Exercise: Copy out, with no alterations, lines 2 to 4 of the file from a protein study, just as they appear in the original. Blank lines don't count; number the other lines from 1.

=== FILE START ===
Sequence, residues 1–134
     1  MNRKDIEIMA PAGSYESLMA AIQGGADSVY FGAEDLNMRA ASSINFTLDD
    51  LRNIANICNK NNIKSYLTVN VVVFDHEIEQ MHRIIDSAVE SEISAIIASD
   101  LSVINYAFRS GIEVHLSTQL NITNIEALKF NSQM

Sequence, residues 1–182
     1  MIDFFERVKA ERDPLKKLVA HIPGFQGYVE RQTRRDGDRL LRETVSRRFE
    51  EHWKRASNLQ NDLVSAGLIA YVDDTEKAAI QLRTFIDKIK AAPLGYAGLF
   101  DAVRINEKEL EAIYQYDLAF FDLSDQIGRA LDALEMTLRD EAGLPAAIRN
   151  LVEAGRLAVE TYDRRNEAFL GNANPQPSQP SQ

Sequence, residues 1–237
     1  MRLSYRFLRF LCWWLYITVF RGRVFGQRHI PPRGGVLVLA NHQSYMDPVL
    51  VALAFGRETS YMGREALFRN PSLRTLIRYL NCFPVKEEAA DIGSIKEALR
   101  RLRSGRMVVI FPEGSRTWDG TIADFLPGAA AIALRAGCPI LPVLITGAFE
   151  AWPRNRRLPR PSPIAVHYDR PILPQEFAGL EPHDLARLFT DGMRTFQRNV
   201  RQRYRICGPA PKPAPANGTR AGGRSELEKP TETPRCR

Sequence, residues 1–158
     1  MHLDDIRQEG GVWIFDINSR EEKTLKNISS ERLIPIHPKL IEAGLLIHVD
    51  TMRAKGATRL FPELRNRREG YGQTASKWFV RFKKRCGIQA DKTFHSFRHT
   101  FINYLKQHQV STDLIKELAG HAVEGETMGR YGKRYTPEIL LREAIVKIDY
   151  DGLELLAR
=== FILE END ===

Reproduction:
     1  MNRKDIEIMA PAGSYESLMA AIQGGADSVY FGAEDLNMRA ASSINFTLDD
    51  LRNIANICNK NNIKSYLTVN VVVFDHEIEQ MHRIIDSAVE SEISAIIASD
   101  LSVINYAFRS GIEVHLSTQL NITNIEALKF NSQM